In their campaigns, party leaders within the Israeli government and members of the opposition have been reverting to their parties’ core beliefs in an effort to widen their electoral base, engaging in discourse that paves the way for international misfires and domestic political conflicts that deteriorate the country’s geopolitical standing.[9] The relationship with the United States is becoming strained, with Israel portraying a tough international stance by vilifying the Geneva Pact with Iran (freezing parts of the Iranian nuclear program in exchange for the lifting of economic sanctions) and going back and forth on the progression of negotiations with the Palestinian Authority.[10] For example, on January 10th 2014, Israel officially announced the construction of 1,400 settlements in the West Bank and East Jerusalem. This number has increased from 829 to 1,400 since it was first announced that it was in the works in November 2013.[11] One should take note of the fact that on November 13th 2013, Israel had stated its decision against going forward with further settlements in an effort to get the international community to side with it on the Iranian nuclear issue. The decision to move ahead with the settlements can be considered to be a result of the signing of the nuclear pact with Iran a few months earlier and the release of 26 long-serving Palestinian prisoners on December 30th 2013. This back and forth appears to be deeply rooted in the lack of a cohesive stance in the domestic political arena, as well as within the current administration and a clear misreading of the current trends of the foreign policy of the United States regarding the Palestinian issue (mainly restarting the Israeli-Palestinian negotiations on stronger bases).[12] Needless to say, the current clash of political allegiances and grievances in the Israeli political forum is resulting in severe ramifications internationally.[13] Israel is gradually losing its credibility as a strong dependable actor for the United States in the Middle East, while its adversaries - Turkey and Saudi Arabia - are slowly but steadily becoming more reliable partners.  


Holot: an open prison for African migrants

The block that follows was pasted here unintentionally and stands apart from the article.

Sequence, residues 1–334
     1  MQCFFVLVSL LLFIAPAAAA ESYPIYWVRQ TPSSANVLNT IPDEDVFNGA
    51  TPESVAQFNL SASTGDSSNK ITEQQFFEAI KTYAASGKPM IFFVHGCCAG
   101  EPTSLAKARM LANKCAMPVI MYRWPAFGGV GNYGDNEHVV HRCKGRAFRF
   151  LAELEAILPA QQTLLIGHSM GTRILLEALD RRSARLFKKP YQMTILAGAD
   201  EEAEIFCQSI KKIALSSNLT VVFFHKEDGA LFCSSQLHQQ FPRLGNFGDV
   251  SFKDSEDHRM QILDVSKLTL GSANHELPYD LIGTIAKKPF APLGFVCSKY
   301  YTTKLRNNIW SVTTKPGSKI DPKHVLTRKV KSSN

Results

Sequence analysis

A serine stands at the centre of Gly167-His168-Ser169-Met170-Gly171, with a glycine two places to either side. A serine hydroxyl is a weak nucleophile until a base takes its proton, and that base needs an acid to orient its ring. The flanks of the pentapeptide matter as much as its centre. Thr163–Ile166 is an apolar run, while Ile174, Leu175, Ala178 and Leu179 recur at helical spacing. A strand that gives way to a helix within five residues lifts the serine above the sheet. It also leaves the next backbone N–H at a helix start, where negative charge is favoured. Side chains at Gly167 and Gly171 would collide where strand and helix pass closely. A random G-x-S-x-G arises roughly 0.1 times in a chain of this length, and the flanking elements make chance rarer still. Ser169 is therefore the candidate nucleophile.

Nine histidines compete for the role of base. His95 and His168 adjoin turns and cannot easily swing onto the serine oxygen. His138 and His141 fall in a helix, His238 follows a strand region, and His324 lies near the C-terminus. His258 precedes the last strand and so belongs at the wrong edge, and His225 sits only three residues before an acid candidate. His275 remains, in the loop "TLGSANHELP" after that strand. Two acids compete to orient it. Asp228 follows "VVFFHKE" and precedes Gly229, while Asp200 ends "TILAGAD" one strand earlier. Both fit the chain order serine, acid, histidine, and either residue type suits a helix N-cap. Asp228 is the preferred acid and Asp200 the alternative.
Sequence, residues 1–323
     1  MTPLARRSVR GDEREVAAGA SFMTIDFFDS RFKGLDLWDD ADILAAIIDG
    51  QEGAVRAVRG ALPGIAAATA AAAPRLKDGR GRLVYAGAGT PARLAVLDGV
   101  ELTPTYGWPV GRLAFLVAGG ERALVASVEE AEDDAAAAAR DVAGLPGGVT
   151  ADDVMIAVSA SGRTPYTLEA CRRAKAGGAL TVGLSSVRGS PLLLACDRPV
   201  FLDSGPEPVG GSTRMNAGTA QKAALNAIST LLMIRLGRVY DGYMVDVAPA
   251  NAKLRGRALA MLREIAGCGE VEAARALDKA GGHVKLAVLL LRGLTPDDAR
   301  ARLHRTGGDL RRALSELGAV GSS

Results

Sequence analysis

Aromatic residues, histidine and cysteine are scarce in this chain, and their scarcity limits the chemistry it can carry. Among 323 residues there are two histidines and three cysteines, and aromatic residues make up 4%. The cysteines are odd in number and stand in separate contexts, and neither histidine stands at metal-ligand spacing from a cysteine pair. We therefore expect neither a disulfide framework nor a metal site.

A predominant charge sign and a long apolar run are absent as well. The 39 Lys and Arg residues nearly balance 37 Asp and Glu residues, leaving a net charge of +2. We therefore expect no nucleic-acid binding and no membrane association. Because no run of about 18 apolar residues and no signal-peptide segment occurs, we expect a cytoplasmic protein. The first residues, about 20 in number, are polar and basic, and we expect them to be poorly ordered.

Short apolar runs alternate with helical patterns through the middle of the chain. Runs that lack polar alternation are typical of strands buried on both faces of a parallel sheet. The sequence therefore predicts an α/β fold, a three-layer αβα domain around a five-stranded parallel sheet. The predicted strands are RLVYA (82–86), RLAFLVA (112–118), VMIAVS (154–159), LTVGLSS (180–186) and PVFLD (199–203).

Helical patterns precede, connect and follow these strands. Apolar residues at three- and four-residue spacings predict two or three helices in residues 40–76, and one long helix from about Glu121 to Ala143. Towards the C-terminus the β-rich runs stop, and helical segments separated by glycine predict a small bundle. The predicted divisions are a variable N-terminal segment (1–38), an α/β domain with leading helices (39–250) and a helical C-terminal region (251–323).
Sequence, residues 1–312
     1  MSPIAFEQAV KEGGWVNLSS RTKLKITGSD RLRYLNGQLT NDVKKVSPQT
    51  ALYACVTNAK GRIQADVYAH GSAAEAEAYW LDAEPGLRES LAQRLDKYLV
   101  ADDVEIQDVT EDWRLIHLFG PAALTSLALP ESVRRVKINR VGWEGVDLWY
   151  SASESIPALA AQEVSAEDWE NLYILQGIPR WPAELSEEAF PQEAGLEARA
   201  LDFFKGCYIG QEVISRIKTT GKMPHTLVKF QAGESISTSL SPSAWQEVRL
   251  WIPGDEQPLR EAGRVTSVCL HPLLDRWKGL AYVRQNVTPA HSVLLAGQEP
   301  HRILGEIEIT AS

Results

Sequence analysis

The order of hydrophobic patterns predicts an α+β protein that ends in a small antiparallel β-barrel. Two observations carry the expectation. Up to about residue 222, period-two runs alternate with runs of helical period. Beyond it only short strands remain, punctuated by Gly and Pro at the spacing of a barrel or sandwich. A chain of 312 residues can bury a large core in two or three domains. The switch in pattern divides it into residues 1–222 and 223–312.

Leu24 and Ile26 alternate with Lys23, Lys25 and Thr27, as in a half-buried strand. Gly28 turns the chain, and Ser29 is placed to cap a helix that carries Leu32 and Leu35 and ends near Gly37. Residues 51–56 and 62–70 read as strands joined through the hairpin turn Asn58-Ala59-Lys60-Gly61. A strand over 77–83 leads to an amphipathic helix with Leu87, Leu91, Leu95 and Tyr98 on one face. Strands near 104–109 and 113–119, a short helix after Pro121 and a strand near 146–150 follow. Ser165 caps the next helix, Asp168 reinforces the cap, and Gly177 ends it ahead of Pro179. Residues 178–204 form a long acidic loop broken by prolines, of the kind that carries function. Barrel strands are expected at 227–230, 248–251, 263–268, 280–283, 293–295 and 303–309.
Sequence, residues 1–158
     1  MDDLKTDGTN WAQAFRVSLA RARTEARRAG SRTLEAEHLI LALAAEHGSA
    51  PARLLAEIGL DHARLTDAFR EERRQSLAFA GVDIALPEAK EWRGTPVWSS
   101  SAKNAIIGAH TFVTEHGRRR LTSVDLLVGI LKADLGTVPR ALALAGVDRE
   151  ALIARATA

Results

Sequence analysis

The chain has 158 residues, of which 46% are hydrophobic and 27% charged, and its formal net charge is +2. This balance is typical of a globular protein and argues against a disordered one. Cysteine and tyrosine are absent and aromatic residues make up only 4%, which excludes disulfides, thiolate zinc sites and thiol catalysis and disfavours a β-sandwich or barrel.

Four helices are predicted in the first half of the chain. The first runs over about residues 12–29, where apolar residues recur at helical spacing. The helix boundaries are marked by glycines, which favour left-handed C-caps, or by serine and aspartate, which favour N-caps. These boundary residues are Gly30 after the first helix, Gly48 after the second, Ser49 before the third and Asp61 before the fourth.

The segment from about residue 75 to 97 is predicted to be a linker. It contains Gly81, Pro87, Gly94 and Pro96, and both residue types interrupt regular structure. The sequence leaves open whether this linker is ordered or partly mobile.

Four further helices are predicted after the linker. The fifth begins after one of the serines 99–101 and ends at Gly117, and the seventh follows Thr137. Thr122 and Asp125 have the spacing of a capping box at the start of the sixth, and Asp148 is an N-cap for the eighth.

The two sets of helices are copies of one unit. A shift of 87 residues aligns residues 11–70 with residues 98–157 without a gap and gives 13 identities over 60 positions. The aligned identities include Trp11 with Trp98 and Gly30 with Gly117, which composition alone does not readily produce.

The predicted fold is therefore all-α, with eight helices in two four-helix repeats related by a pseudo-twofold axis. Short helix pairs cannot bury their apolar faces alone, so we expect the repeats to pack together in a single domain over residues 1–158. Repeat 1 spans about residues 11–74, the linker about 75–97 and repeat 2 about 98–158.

Nowadays, more than 120,000 Ethiopian and Sudanese Jews live in Israel, 80,000 of whom were born in Africa. A large majority of them have been victims of discrimination by Israeli society. Case in point, the recent incident on December 11th 2013, in which Knesset member Pnina Tamano-Shata was deemed ineligible for blood donation because she had immigrated to Israel from Ethiopia at age three.[14] A new problem that has come to the forefront is the largisrael open prisone waves of African migrants that have been arriving in Israel through Egypt. Based on this, a law was adopted on December 10th 2013 authorized the opening of the Holot (“sands”) detention center for African refugees in the Israeli desert. Capable of holding up to 3,000 persons, that number could go up to 11,000 if the facilities were to be expanded. Detainees are allowed to leave the facility – hence its designation as an “open prison”– but must be present for three roll calls during the day and are unable to obtain legal work permits in Israel.[15] It should also be noted that the current anti-infiltration amendment allows the state of Israel to detain people entering the country clandestinely in Holot indefinitely.[16] This is part of a larger Israeli effort that aims to expulse 60,000 Eritrean and Sudanese Africans who arrived in Israel illegally through Egypt to request political refugee status only to have their applications systematically denied. Between the large number of illegal migrants entering Israel and the political instability in Egypt and the Islamist attacks on Israeli territory, in 2013 Israel found reason to build a large electrified fence along the 230 km Israeli-Egyptian border. Although, the migrant flow has effectively stopped, the presence of Eritrean and Sudanese refugees is viewed – mostly by the right wing and ultra-orthodox – as being detrimental to Israeli society and as a threat to the state’s social makeup. It is even becoming common for Africans to be designated as “infiltrators”. This point of view is evidenced by the Prime Minister’s statements in 2013 in which he indicated that Israel would continue encouraging migrants to leave and try to find countries to accept them, pointing out that 2,600 had left in 2013 and that in 2014 more would be removed.[17 ] It is of note that the vast majority of these refugees are unable to return to their country of origin since they would face war or persecution. Therefore, Israeli efforts to persuade them to leave voluntarily by giving out monetary sums of $1,500 to $3,500 have been met by deaf ears. By January 2014, only 700 refugees had left Israel through this particular program, likely more as a result of living under strenuous conditions rather than of their willingness to leave. This situation prompted the United Nations Refugee Agency (UNHCR) to scold Israel for causing “hardship and suffering” and for not complying with the 1951 UNHCR Convention on Human Rights which directs the proper treatment of refugees and asylum seekers.